Haitian president ends term amid widening protests

By John Marion
10 February 2016

On February 7, Haitian president Michel Martelly formally stepped down from the post, in keeping with the constitutional requirement that he not occupy it beyond the end of his term. Two failed attempts at elections to replace Martelly have led instead to the creation of an interim government with a provisional president to be chosen by next week.

After intervention by diplomats from the Organization of American States (OAS), on Friday night Martelly reached an agreement with Senate president Jocelerme Privert and Chamber of Deputies president Cholzer Chancy about the structure of the interim government.

Under Friday night’s agreement, candidates for the position of interim president have five days to register, and members of parliament will then elect one, whose term will expire on May 14 of this year. Evans Paul will remain prime minister until a “consensus” replacement is chosen by the ruling elites. The interim government will organize a presidential election scheduled for April 24, and the winning candidate will be sworn in on May 14. Nominally, Haiti is governed under a constitution adopted in 1987 after the fall of the Duvalier regime; however, that constitution makes no provision for an interim government when elections are not held.

The first round of voting for Martelly’s successor occurred on October 25. A run-off election between top vote-getter Jovenel Moïse—the candidate of Martelly’s PHTK (Parti Haitien Tet Kalé) political formation—and second-place candidate Jude Célestin of LAPEH (la Ligue Alternative pour le Progrès et l’Emancipation Haïtienne) has been postponed twice because of street protests and Célestin’s refusal to participate. It was scheduled first for December 27 and then for January 24; the second postponement left no possibility of organizing another election before the end of Martelly’s term.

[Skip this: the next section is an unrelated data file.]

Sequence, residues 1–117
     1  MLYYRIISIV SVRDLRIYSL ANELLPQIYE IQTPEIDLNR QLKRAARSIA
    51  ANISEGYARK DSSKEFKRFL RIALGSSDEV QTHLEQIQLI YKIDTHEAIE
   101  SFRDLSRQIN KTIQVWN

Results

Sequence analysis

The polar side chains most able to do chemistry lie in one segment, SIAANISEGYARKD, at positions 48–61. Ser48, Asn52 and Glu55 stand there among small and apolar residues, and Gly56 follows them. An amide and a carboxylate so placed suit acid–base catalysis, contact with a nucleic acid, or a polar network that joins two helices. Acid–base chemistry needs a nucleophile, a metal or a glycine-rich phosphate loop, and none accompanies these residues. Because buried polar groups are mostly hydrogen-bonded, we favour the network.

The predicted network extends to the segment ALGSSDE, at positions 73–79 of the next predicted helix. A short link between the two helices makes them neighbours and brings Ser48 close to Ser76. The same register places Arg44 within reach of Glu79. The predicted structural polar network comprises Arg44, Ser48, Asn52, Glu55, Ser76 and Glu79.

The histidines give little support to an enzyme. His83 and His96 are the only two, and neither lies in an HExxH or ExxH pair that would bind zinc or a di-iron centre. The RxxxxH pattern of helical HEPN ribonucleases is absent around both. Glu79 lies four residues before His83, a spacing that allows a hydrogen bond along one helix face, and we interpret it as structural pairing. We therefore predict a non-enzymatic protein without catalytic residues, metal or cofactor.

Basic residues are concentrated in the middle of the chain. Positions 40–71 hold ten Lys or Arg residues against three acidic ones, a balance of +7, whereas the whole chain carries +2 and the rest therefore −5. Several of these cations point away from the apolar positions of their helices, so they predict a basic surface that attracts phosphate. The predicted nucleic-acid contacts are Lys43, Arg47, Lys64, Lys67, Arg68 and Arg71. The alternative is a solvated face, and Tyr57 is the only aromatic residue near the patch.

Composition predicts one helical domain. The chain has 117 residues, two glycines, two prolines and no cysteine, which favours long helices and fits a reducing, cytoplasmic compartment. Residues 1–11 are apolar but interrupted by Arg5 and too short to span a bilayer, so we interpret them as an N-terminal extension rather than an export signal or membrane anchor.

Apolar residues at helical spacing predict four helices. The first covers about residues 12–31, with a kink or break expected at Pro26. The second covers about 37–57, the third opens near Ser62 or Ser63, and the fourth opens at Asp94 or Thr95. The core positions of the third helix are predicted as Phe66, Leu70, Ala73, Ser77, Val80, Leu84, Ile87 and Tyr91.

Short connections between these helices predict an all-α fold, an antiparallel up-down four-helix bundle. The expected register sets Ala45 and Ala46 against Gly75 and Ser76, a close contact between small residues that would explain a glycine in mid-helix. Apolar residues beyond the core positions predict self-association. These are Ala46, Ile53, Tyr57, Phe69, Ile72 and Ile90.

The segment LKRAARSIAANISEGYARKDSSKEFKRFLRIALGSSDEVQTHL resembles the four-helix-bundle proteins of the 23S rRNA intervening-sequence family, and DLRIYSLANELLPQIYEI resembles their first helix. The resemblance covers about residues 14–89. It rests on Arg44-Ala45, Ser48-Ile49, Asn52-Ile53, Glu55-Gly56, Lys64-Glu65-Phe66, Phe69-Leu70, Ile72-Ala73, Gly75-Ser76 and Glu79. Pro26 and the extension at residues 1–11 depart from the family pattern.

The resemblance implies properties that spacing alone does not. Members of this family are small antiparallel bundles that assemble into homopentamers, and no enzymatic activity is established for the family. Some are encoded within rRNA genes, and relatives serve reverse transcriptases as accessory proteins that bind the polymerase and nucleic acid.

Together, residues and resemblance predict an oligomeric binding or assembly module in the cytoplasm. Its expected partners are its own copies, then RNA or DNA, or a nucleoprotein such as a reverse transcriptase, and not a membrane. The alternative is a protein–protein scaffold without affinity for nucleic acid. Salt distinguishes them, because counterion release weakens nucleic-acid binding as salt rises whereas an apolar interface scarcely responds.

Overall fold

The facade of democracy that has been propped up by United Nations soldiers since the US-orchestrated coup against Jean-Bertrand Aristide in 2004 is collapsing. Fraud in the October 25 elections was so widespread that Jude Célestin refused to participate in the run-off and instead sought support from protesters and opposition parties calling themselves the Group of 8. PHTK candidate Moïse has been left to campaign, with no opponent, for elections that have not taken place.

Although Parliament has begun meeting again after a year of not having enough elected members, there are still 6 empty Senate seats out of 30 and 27 vacant deputies’ seats out of a total of 119.

Five of the nine members of the Provisional Electoral Council (Conseil Electorale Provisoire, CEP), including its president, Pierre-Louis Opont, have resigned because of the failed elections. Among the CEP’s responsibilities is approving election results.

Le Nouvelliste reported that, during its “special mission” to intervene in the crisis, the OAS held 25 meetings with Haitian figures who included Martelly, Evans Paul, Jocelerme Privert, Cholzer Chancy, leaders of the Group of 8 opposition parties, union leaders, high-level business leaders, and other presidential candidates. Sir Ronald Sanders, president of the Permanent Council of the OAS, exuded false humility when he declared that “my delegation is satisfied that…our presence had a favorable effect on the search for a consensus formula by diverse groups.”

Behind these machinations, however, Haiti’s ruling class and its imperialist sponsors are panicking. On January 20, NBC reported that “a few thousand people joined the demonstration in downtown Port-au-Prince on Tuesday marching through narrow streets and occasionally chanting: ‘The revolution has started, get your gun ready.’ ”